Silicone sealants were first used to bond glass panels to skyscrapers — a far more demanding job than most home improvement projects. They stay flexible at all temperatures, are completely waterproof, bond well to almost everything and won’t support mildew growth. Silicones are used around sinks, tubs, shower stalls and window frames.
These sealants have developed into indispensable, versatile products for an extremely broad application range: whether on building sites, in the field of sanitary applications and fittings, window construction, metal or plastic construction, in the household or DIY sectors – silicone sealants are used everywhere. They contribute to long-lasting quality, obtained in a particularly quick and easy manner.
Silicones come in two types: neutral cure or acid cure. Acid-cure silicones work best on non-porous surfaces such as glass and glazed tile, but they can corrode metal and etch some plastics, whilst neutral-cure silicones work well on metal and wood.
It’s all about performance and silicone sealants are the reliable way to seal joints against the elements. Unlike other joint fillers, silicone sealants have the best resistance to weathering and ageing – lasting for up to several decades. Not even years of open-air weathering will change their physical properties.
In addition to their resilience and reliability, they cushion movements between parts resulting from temperature changes, humidity, shrinkage of construction material, sound, wind and other mechanical shocks.
Silicone sealants also have extreme temperature resistance as the elastic properties of silicone sealants stay almost constant between -40 °C and +100 °C. This is a major advantage over sealants made of organic polymers.
These key features make silicone sealant reliable, versatile and perfect for jobs around the home, particularly for weatherproofing as the winter months approach.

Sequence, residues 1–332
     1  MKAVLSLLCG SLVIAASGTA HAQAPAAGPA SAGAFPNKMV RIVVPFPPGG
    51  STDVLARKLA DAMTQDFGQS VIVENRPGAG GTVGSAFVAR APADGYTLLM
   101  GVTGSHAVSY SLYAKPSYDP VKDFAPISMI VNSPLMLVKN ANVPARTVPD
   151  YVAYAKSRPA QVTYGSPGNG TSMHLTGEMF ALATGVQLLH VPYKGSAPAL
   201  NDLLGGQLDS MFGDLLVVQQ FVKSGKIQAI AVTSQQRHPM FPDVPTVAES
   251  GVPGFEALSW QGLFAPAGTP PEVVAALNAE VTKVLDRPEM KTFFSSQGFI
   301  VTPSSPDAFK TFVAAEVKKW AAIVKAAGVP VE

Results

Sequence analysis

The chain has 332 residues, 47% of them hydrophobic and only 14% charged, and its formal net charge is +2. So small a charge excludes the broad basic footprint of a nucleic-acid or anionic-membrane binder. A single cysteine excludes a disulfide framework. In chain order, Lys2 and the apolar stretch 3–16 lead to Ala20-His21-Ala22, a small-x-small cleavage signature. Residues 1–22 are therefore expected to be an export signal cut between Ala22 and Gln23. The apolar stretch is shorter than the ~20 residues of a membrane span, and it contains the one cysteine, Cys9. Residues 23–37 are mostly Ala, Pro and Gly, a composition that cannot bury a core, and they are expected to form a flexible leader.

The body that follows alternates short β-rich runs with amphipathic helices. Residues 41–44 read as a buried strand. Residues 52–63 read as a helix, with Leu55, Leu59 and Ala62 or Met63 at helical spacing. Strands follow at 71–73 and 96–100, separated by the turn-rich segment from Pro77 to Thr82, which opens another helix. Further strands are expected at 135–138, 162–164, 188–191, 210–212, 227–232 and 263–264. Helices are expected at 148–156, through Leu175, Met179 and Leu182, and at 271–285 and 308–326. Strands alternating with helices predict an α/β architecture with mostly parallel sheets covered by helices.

How to use a Silicone Sealant: Sealing a Window Frame
This is the perfect time of year to check your window seals as you don’t want your house to leak air, especially if you spend your hard-earned cash warming it. Test a window for leaks by burning an incense stick near all its joints and connections and, if the smoke flickers, you have an air leak. The most likely places for a leak to appear are:
- Where one section of the window meets another
- Where the windows meet the frame
- Where the frame meets the wall
Silicone rubber sealant is an excellent way to stop draughts entering around windows. First, to ensure you apply an even bead of silicone rubber sealant, apply masking tape to form edges for the sealant. Put a single long strip on either side of the join where you’ll be applying the sealant and this will keep the sides of the sealant neat on the window frame.
Cut your sealant spout at an angle to make application easier, then squeeze out a smooth, even bead of silicone rubber sealant along the window, keeping a low, even pressure. Run the tube slowly along between the masking tape.
Don’t try and run sealant around the entire window in one go – it’s much better to do one side at a time. This means you’ll be able to work without risking the silicone rubber sealant drying out.
Once you have the bead of sealant on the window, you’ll need to smooth it out. To do this, dip your index finger in soapy water and run it along the bead of sealant. Ideally, you should be able to go all along in a single motion but this won’t always be possible. If multiple strokes are needed, try to use as few as possible and always go in the same direction. The idea is to make the line look completely smooth, so where different sides of the frame meet, smooth down the join with your fingertip.
When you’ve done this, leave the silicone rubber sealant to dry completely then pull off the masking tape. This should remove any uneven edges on the sealant, but if any remain, even them up with a razor blade or utility knife.